automotive industry

US auto sales drop less than expected in Q3 2020

Agence France-Presse

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US auto sales drop less than expected in Q3 2020

The General Motors Flint Assembly plant in Flint, Michigan, on May 18, 2020. - This plant produces Heavy-Duty Chevrolet and GMC Sierra Crew and Regular Cab Trucks. Two months after effectively freezing American auto manufacturing, Detroit's "Big Three" on Monday began a gradual ramp-up of plants with new configurations and procedures to prevent coronavirus outbreaks. Some hourly workers have expressed concerns about the risks of assembly line activity, where staff traditionally have worked side-by-side. But automakers say they will be able to work while practicing social distancing and taking other measures to protect workers. (Photo by JEFF KOWALSKY / AFP)


General Motors, Fiat Chrysler, and Toyota see vehicle sales fall about 10% for the 3rd quarter of 2020, but that decline is smaller than analyst estimates

Automakers reported better-than-expected 3rd quarter United States auto sales on Thursday, October 1, pointing to strong demand for trucks and a boost from low interest rates.

Auto giants General Motors (GM), Fiat Chrysler (FCA), and Toyota saw vehicle sales fall about 10% for the quarter ending September 30, but that decline was smaller than analyst estimates and a big improvement from the 2nd quarter when coronavirus restrictions were at their most severe.

Besides a boost from low interest rates, car sales have also been supported by a shift in consumer spending away from vacations and other discretionary items, company officials said.

But analysts warned that car sales could suffer in the 4th quarter, in part because of the income hit from a stalemate in Congress over the latest coronavirus spending bill. Data from the Commerce Department on Thursday showed a 2.7% drop in income.

“The huge decline in household income is a warning that the economy is still heavily dependent on government social welfare payments,” said economist Joel Naroff in a note.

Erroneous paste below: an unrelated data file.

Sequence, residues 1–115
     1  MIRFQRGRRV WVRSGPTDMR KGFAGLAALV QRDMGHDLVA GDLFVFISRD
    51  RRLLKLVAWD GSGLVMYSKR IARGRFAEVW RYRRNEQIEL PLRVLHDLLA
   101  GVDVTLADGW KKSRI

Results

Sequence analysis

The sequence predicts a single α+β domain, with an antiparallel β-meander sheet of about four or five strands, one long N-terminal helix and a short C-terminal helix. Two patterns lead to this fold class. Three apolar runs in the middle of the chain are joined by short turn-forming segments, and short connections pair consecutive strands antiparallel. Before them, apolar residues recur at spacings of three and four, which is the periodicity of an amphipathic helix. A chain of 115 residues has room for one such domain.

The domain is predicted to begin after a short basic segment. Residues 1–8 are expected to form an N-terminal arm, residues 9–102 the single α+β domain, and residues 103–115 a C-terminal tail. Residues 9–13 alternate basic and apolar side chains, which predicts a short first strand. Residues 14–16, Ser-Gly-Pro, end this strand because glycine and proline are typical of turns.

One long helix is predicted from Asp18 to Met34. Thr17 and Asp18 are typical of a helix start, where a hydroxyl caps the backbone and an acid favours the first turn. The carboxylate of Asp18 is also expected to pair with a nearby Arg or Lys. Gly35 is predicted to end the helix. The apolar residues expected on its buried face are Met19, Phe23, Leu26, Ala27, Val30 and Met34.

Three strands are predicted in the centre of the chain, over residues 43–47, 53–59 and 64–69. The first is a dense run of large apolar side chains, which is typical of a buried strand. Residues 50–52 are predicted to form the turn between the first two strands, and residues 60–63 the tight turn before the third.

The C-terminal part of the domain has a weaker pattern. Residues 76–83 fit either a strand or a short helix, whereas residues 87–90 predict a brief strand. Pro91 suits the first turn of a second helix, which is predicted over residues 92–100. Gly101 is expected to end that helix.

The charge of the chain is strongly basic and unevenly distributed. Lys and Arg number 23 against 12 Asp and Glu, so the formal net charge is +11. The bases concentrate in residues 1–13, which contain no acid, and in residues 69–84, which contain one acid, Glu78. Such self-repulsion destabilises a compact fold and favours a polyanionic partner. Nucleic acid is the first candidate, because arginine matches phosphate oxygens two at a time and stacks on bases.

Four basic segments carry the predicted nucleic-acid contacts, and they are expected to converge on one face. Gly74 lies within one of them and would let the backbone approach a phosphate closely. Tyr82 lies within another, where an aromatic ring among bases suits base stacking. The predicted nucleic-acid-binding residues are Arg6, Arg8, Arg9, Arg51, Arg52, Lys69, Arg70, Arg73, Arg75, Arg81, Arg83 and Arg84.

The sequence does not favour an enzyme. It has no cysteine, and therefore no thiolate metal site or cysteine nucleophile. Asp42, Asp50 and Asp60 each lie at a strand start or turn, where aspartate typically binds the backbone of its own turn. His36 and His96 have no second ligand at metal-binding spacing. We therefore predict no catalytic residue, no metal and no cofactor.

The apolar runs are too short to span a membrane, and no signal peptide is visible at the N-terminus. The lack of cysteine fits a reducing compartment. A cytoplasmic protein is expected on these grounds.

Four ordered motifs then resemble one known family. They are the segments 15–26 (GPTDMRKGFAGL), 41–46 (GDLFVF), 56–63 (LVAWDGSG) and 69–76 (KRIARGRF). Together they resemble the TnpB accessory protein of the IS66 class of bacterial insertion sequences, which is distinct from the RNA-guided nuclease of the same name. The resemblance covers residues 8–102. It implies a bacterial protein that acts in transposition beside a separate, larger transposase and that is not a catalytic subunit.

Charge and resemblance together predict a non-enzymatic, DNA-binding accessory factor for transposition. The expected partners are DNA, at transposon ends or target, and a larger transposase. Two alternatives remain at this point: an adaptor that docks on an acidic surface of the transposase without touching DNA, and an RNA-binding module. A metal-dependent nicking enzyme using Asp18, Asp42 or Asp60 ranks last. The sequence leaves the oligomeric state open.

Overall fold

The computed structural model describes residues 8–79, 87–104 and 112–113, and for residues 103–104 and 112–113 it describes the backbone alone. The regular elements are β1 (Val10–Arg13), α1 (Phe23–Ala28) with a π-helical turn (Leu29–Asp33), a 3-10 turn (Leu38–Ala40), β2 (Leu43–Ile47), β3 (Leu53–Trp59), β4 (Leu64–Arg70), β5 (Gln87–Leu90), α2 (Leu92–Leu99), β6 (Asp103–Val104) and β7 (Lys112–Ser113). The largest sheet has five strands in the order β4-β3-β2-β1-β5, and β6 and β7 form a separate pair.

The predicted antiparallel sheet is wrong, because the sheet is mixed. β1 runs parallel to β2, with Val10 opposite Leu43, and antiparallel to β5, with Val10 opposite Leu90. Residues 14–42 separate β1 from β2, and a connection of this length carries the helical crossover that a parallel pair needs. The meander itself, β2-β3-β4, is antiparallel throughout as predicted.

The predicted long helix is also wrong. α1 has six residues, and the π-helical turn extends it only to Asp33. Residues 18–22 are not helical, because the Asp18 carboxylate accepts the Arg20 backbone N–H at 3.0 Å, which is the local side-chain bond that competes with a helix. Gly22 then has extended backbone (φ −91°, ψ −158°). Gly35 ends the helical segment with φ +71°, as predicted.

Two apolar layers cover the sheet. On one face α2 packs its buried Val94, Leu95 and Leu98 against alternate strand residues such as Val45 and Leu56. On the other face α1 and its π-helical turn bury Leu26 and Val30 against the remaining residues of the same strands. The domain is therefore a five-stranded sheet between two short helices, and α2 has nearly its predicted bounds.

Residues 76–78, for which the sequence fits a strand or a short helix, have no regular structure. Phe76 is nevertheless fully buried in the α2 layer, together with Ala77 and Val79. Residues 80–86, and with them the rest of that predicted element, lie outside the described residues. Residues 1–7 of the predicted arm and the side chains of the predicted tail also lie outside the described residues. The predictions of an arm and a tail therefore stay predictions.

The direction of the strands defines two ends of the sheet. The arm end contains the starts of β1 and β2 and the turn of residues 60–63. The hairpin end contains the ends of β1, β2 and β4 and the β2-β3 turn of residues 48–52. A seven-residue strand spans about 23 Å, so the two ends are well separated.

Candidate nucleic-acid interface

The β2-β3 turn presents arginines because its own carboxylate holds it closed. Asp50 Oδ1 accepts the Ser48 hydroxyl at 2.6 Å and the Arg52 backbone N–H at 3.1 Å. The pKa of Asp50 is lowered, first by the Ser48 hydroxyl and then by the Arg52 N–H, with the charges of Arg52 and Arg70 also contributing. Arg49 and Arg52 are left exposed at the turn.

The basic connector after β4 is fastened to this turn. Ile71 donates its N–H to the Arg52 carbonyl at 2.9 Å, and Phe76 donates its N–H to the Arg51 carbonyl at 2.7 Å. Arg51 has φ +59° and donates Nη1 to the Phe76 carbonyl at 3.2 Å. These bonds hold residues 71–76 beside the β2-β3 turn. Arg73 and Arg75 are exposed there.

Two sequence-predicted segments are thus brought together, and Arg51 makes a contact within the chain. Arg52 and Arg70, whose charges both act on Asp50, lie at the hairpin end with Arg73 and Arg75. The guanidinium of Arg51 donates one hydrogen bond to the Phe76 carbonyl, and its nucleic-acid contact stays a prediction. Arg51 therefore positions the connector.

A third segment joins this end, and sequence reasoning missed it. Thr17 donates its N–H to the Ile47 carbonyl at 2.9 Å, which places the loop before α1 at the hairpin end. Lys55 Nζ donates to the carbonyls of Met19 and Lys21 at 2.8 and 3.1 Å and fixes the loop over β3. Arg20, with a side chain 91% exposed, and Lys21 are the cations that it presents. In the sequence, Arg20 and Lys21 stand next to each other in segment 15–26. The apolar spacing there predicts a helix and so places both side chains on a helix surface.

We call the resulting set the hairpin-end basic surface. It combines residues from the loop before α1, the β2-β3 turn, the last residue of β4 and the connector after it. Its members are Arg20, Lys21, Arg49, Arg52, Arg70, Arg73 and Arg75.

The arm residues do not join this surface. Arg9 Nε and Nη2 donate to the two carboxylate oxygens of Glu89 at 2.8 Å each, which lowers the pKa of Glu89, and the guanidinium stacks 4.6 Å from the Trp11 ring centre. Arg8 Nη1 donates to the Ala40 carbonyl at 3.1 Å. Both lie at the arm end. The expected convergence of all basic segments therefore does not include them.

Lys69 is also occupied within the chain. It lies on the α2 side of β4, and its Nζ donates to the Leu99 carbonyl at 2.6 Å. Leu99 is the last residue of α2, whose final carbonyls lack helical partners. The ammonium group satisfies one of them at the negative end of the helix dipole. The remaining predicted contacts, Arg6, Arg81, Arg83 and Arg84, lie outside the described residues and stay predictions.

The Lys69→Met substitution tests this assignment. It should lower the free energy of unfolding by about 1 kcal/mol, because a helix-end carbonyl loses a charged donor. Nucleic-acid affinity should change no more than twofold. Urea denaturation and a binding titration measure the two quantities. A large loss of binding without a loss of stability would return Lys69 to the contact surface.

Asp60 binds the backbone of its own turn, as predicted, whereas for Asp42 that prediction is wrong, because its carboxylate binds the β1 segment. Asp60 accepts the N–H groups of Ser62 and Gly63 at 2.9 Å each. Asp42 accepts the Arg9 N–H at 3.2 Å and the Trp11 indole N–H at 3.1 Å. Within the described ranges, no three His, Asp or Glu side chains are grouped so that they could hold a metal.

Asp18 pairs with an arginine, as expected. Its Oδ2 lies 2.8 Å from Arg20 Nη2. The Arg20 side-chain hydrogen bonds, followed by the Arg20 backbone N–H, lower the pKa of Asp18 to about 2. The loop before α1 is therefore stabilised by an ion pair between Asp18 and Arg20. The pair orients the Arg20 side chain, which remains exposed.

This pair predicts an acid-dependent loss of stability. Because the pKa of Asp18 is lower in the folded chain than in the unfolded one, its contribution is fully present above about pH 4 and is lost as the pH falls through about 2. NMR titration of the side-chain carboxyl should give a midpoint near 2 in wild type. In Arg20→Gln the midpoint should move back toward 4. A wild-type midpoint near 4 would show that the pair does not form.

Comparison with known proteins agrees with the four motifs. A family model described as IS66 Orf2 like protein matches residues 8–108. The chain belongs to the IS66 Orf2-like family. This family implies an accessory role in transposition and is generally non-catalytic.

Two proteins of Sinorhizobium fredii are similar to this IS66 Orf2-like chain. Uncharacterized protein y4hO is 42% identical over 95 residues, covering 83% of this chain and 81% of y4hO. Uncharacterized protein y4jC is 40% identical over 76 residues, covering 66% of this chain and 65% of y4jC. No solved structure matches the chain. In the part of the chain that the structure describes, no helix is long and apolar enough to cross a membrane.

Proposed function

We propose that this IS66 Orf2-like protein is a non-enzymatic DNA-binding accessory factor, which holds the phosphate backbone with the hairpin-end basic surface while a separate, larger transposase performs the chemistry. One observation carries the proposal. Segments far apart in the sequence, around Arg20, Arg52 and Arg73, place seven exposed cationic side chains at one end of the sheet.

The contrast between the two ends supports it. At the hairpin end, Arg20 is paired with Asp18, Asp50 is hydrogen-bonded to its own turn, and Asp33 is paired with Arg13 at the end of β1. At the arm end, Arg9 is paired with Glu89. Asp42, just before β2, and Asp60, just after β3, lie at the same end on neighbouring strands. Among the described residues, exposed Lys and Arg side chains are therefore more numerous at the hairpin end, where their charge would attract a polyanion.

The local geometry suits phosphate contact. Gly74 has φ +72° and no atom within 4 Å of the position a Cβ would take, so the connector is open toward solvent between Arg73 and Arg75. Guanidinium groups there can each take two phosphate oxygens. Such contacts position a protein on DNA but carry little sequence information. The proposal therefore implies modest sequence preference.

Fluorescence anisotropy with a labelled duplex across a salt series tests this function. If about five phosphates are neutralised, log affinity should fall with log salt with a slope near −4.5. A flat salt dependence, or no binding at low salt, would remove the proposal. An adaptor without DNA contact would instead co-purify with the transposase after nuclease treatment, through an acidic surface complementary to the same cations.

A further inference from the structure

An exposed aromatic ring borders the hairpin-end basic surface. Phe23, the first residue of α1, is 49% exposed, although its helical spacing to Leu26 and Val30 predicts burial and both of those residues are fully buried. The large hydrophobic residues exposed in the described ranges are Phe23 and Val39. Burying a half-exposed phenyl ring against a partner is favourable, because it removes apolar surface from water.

GM pointed to strong demand for its fleet of sport utility vehicles and trucks. US sales came in at 665,192 during the quarter, down 9.9% from last year, but better than the 13.5% projected by Cox Automotive and a big improvement on the 34% plunge in the 2nd quarter. 

“Our dealers are doing exceptionally well utilizing a combination of customer-facing online technologies…and showroom sales to deliver vehicles safely to our customers,” said Kurt McNeil, GM’s vice president for US sales operations.

“Industry-wide, dealers are selling a high mix of large pickups as the summer comes to an end. Our strong large pickup and all-new full-size SUV lineups from Chevrolet and GMC are selling extremely fast.”

FCA also pointed to strength in large vehicles with strong trends for Ram pickup trucks and some Jeep models. 

Overall sales came in at 507,351, down 10% from the equivalent period of 2019. Cox had estimated a drop of 11.8%. Sales fell 39% in the 2nd quarter.

“The results reflect the hard work our dealers have done throughout the 3rd quarter as they worked through the COVID-19 restrictions while still improving our sales over the prior months,” FCA’s Jeff Kommor said. 

“Jeep and Ram are hot and we continue to prioritize deliveries to our dealers who are asking us to ship as many vehicles as we can build.”

At Toyota, US sales fell 11% to 558,449 in the 3rd quarter, compared with a 12.9% drop expected by Cox. Toyota pointed to a pickup in September, with sales up 5% compared with the year-ago period.

Lingering drag from shutdown

Auto dealer sentiment had improved significantly from the depths of the 2nd quarter amid coronavirus lockdowns. However, dealers are worried about lean vehicle inventories that could crimp sales, according to dealer survey data cited by Cox.

Charlie Chesbrough, senior economist at Cox, said car companies have still not made up for the manufacturing shortfall from about a two-month shutdown due to the coronavirus. 

The shutdown reduced inventory by about 3.3 million vehicles and delayed production of 2021 vehicles. Only about 3% of the models now in dealerships are 2021 versions, compared with 25% a year ago, Chesbrough said. 

But there are also demand factors that will challenge the industry, including lower consumer confidence amid higher unemployment and the lack of new stimulus funds for laid-off workers. 

“The recovery has been a little bit surprising,” Chesbrough said, adding that it “may not be able to continue.”

In light of the Washington stalemate on stimulus, “we can see that the economy is going to wane a bit,” he said. –

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